Allen Meltzer, an economist at Carnegie Mellon University, writes today in the Wall Street Journal about the Fed’s worrisome announcement that it will continue the easy‐money policy of artificially low interest rates.
Professor Meltzer’s key point (at least to me) is that the economy is weak because of too much government intervention and too much federal spending, and you don’t solve those problems with a loose‐money policy – especially since banks already are sitting on $1.6 trillion of excess reserves. (Why lend money when the economy is weak and you may not get repaid?)
Meltzer then outlines some of the reforms that would boost growth, all of which are desirable, albeit a bit tame for my tastes:
[T]he United States does not have the kind of problems that printing more money will cure. Banks currently hold more than $1.6 trillion of idle reserves at the Fed. Banks can use those idle reserves to create enormous amounts of money. Interest rates on federal funds remain near zero. Longer‐term interest rates on Treasurys are at record lows. What reason can there be for adding more excess reserves? The main effect would be a further devaluation of the dollar against competing currencies and gold, followed by a rise in the price of oil and other imports. …Money growth (M2) reached 10% for the past six months, presaging more inflation ahead.
…What we need most is confidence in our future. That calls for:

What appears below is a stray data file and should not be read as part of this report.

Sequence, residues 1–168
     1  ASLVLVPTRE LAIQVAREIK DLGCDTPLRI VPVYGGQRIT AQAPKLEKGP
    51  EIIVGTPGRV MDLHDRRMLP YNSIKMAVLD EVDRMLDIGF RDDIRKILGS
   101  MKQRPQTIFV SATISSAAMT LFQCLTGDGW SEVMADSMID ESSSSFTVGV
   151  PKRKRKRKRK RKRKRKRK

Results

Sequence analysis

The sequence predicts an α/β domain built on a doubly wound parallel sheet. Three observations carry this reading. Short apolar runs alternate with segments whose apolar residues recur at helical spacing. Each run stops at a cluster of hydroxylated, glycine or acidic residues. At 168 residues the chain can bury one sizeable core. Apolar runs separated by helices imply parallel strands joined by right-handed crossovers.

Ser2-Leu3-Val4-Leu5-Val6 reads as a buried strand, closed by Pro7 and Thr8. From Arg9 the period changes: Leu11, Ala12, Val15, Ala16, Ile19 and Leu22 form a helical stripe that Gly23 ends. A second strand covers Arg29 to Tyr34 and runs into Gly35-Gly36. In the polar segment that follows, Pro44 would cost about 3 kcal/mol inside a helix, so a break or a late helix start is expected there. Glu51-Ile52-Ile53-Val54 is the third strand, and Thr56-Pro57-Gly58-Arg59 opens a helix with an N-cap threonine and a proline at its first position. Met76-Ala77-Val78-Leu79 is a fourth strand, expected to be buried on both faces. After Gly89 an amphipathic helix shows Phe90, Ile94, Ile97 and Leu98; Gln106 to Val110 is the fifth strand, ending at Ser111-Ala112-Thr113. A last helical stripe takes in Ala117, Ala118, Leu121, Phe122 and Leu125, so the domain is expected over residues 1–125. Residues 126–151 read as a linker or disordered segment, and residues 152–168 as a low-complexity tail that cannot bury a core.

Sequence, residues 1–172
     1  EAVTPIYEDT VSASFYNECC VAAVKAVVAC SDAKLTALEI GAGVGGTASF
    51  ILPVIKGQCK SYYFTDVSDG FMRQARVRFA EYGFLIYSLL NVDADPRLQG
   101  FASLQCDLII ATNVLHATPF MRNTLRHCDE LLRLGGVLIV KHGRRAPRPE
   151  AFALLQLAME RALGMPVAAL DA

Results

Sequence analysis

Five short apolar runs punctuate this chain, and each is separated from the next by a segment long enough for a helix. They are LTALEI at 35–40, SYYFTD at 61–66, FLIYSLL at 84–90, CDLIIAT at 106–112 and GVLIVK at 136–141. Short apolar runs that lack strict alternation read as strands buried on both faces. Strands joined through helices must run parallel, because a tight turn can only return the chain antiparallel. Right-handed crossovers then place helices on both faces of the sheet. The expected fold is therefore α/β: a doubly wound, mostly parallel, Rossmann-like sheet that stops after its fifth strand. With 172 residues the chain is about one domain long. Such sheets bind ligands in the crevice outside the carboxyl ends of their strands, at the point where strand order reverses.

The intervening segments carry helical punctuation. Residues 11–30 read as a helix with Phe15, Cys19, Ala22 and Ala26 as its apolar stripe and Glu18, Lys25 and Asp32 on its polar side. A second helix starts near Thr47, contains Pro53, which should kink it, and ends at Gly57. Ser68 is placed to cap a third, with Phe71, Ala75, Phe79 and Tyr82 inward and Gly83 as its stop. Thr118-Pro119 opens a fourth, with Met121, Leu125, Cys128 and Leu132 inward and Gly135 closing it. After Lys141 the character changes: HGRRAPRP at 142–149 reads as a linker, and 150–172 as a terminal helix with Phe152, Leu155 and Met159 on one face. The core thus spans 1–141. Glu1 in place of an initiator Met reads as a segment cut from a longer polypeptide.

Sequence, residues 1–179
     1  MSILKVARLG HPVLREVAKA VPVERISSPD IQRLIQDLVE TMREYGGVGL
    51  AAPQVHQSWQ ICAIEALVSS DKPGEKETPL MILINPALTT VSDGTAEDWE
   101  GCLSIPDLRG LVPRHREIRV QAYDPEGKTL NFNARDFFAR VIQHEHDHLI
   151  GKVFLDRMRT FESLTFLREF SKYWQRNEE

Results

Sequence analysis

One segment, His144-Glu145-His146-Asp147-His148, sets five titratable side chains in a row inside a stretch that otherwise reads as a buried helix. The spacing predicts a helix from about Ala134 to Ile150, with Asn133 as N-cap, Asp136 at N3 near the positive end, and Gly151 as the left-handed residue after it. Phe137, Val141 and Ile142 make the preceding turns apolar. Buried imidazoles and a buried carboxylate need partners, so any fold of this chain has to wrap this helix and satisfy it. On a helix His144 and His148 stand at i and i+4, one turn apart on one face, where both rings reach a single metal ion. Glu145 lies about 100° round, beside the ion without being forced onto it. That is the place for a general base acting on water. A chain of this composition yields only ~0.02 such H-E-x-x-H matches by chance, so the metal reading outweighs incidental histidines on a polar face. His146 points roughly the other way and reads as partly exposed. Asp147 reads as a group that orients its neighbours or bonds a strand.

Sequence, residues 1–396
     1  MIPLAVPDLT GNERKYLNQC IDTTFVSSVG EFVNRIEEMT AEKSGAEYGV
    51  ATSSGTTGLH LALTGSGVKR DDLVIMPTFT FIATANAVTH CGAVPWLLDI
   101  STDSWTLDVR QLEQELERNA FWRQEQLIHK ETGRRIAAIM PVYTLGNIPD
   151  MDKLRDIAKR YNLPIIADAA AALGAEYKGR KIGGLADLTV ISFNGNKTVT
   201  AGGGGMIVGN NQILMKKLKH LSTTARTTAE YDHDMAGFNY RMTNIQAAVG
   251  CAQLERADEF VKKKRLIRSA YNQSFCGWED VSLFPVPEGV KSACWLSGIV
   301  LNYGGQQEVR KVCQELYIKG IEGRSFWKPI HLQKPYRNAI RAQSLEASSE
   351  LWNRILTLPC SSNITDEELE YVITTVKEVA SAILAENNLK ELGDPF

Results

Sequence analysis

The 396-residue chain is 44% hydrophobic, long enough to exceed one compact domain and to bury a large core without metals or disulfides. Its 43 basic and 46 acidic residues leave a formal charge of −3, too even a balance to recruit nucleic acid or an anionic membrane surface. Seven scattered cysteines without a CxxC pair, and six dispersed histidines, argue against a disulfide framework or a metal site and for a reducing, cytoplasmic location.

- Reducing corporate tax rates permanently to encourage investment (paid for by closing loopholes).
- Agreeing on long‐term reductions in entitlement spending.
- A five‐year moratorium on new regulations affecting energy, environment, health and finance.
- An explicit inflation target between zero and 2% to force the Fed to pay more attention to the medium term and to increase public confidence that we will not experience runaway inflation.
The president is wrong to pose the issue as more taxes for millionaires to pay for more redistribution now. That path leads to future crises because higher taxes support the low productivity growth of the welfare state, delay the transition to export‐led growth, and do not reduce future budget liabilities enough.
Meltzer’s final point about the futility of class‐warfare taxes is very important. He doesn’t use the term, but he’s making a Laffer Curve argument. Simply stated, if punitive tax rates cause investors, entrepreneurs, and small business owners to earn/declare less taxable income, then the government won’t collect as much money as predicted by the Joint Committee on Taxation’s simplistic models.
Of course, Obama said in 2008 than he wanted high tax rates for reasons of “fairness,” even if such policies didn’t lead to more tax revenue. That destructive mentality probably helps explain why not only banks, but also other companies, are sitting on cash and afraid to make significant investments.
But if you really want to understand how Obama’s policies are causing “regime uncertainty,” this cartoon is spot on.